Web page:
At the farewell ‘bash’ for the Cafcass chief executive Anthony Douglas, he was praised for the work he has done over the last 15 years.
Cafcass chairman, Edward Timpson, said that it was estimated that the agency had helped two million children under Douglas’s ‘watch’.
And Douglas, aged 70, who claims a miserable childhood himself, replied: “If you can repair something that’s really, really broken, it’s enormously gratifying.”
The question then, is what exactly did Douglas fix?
Well, the official view is that under his ‘watch’ Cafcass improved significantly and in a national inspection of the service published recently, Ofsted rated the organisation as ‘outstanding’.
Ofsted said this: “The contribution of the chief executive is highly valued and is considered to be ‘exceptional’.”
The consumerwatchfoundation.com asks one simple question then – how many ordinary citizens in the UK who have been through – or are going through – the family court system found their treatment outstanding?
The simple – yet harrowing – facts are these, mothers and fathers across the globe are killing themselves out of despair after being lied about to their children, lied about to their families, lied about to social workers and lied about to family courts.
Project 84, a campaign aimed at raising awareness, recently staged 84 human sculptures in Central London, representing the men who sadly take their lives. Mothers too are going down the same road to nowhere.
Andrew John Teague,
from D.A.D.s and NAAP, said: “On Parental Alienation Day as we walked from the
Royal Courts of Justice to Downing Street, in a mark of respect I wore a black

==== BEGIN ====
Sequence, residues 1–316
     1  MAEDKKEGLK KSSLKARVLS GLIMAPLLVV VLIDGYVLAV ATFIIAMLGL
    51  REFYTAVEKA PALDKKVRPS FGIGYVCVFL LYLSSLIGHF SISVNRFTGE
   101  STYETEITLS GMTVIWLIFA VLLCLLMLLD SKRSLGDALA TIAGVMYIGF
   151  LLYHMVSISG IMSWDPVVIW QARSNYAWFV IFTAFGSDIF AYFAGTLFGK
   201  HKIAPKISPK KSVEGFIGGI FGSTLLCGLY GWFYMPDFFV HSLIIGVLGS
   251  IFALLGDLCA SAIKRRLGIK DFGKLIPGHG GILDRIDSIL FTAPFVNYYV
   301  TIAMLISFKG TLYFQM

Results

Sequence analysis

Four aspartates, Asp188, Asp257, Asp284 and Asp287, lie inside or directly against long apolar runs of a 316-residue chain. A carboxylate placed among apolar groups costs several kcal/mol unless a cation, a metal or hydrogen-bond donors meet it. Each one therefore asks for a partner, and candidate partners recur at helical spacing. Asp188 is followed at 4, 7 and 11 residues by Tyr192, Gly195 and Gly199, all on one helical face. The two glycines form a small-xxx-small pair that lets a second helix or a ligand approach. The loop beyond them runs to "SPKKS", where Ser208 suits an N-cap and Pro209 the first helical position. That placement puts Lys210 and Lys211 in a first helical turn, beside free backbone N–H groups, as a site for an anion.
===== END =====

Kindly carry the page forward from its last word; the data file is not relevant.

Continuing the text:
“Parental alienation kills people … family courts are, in my eyes, the worst killers in the land. They should not be allowed to act the way they do, they need to be stopped now.
“Everyone can see what
goes on – the dead blind monkey on Mars can see it. It is time to stop the
family court abuse. Reform is needed.”
Andrew, who has walked thousands of miles in England, Wales, Scotland and Ireland, to highlight the battle, said. “I’m not a strong person, I’m just a person who used to fix cars.
“But I was bullied
when I was young and now I need to fight for what’s right. You get to the point
you won’t let anyone bully you and I have always looked to help anyone get
“I made a vow to stand up for all the children who are bullied and terrified. Children need the help support and guidance of both parents. This all just breaks my heart.”
Andrew, from Swansea, who is in his mid-fifties, says that social services and CAFCASS watch his profile on social media and constantly monitor his Facebook group, D.A.D.S (Dads against double standards) which now has more than 20,000 members.
The authorities would
of course deny any untoward motivation in this but so many other victims of
parental alienation have come forward with similar stories it is worrying.
Others have revealed that social workers have ‘advised’ them not to comment on their children on social media and others say they have even been told not to tell their child they love them as I could traumatise them.
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Anthony Douglas joined Cafcass in September 2004 from Suffolk County Council, where he was director of social care and health.
“My job at
Cafcass has been a privilege and our task now, after achieving ‘outstanding’ in
our recent Ofsted inspection, is to take our service to children to the next
level,” he is quoted as saying.
At the time he joined Cafcass, the agency was widely seen as failing organisation with many children involved in family court proceedings waiting weeks or months to be allocated children’s guardians.
Douglas, who was adopted at birth, started his career as a social worker in 1976 at the London Borough of Hackney.
On his first day in the job he said it would take two or three years to get the deeply troubled organisation on the right track. But almost a decade later MPs were condemning it as unfit.
And yet he leaves an organisation secure in its place with its ‘outstanding’ Ofsted rating.
If what we have today is an improved Cafcass then it is really hard to imagine the chaos it must have been in in 2004, when it tried to bring together the work of more than 100 separate services.